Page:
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The nurse failed to show that she was terminated to apply for compensation



A nurse who suffered a musculoskeletal injury while trying to hold down a combat patient failed to show that she was terminated for filing a workers' compensation claim, a district court hearing held on Monday.

In Marshall v. University of Maryland Medical Center the U.S. District Court of the District of Maryland, found that the health center offered her several services, which she declined for a 14-month period before terminating her employment.

Sheila Marshall began working for the University of Maryland Medical Center in 2009 until her injury in July 2014. She returned to work in light capacity two months after the injury and worked six hours a week while continuing to undergo treatment. In November 201

4, her position was eliminated, but she was transferred to another easy service at the hospital.

In November 2015, her doctor decided that she had achieved maximum medical improvement but could no longer work as a bed nurse due to lifting and standing restrictions. In January 2016, a position as an examiner for nursing use became available. Mrs Marshall was offered the job at an hourly rate comparable to her previous position and was told that if she submitted an application, the boarding process to move her to work could begin. However, she failed to apply for the job.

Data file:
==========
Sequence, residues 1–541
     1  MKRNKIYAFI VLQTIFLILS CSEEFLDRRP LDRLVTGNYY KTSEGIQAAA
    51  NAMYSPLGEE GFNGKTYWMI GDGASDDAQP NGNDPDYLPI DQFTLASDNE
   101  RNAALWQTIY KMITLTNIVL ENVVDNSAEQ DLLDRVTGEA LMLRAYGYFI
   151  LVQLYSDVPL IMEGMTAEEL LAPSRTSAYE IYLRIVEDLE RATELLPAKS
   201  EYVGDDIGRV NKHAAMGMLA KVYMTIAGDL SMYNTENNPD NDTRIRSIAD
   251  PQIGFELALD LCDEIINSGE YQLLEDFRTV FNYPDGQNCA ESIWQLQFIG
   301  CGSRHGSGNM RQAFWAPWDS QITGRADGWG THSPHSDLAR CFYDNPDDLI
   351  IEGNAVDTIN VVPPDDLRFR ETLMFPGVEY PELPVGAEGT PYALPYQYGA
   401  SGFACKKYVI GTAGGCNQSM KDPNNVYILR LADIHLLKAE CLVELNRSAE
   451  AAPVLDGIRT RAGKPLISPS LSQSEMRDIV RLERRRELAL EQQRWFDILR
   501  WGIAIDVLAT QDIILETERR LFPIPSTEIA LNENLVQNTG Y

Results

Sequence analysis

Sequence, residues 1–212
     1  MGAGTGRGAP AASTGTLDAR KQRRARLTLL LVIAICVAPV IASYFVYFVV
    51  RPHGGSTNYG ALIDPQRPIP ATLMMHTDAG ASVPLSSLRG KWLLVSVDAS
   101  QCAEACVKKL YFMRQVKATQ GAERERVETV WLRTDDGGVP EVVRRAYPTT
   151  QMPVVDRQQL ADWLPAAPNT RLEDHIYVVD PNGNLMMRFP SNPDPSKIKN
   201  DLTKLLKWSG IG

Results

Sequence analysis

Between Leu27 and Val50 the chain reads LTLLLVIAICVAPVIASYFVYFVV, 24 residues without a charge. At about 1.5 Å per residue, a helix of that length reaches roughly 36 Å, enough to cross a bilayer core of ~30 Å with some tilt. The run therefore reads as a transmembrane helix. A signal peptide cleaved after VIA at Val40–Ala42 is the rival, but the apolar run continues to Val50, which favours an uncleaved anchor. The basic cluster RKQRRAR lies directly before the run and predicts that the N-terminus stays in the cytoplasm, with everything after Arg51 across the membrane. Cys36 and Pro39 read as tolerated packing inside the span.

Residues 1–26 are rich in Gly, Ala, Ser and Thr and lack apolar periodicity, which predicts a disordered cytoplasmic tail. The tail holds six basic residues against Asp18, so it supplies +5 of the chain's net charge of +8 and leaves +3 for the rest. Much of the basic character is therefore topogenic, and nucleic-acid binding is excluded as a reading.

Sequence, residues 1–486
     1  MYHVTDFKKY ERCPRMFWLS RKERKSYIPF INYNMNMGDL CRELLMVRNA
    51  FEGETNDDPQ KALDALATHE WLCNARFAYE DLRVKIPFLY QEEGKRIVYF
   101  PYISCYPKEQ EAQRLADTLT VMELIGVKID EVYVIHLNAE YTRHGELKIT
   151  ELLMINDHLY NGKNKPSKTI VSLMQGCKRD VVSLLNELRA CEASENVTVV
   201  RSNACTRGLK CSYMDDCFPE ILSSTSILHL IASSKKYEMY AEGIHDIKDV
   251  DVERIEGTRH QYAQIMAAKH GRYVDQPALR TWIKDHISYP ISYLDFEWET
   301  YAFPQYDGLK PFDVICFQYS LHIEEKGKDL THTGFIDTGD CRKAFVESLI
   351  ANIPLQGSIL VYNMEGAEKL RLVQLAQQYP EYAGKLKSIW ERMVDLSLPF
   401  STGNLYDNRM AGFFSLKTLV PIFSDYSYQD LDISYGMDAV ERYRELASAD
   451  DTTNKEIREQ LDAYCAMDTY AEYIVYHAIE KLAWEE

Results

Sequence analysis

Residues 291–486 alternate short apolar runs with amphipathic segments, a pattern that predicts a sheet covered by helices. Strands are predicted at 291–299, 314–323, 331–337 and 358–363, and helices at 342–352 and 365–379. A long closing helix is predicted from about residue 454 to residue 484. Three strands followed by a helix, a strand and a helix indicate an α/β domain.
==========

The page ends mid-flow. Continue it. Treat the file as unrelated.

For the next 14 months, she was offered and declined several positions with residents. In April 2017, she graduated.

She lodged a complaint with the US Equal Employment Opportunity Commission alleging that she was discriminated against for claiming compensation for workers and because of her disability and for harassment in the workplace.

the district court dismissed her complaint. Although Marshall claimed that there was a causal link to her testimony at an employment compensation hearing and her dismissal that month, the court found that the evidence did not support a finding of causation, as the hospital "worked hard to find her an alternative permanent position.

The court found that she did not show that the health center discriminated against her because of her disability and noted that she was repeatedly offered several jobs for which she was qualified, as well as physical accommodation including a specialized desk and chair. The court further found sufficient evidence that the hospital continued. " steady, regular communication "with Marshall about her needs and which ultimately allowed her to choose her own desk furniture.

The court also found no evidence of Marshall's hostile work environment. claims were nothing more than" small office dynamics "that were not serious enough or pervasive for a tt rise to the level of a hostile work claim.

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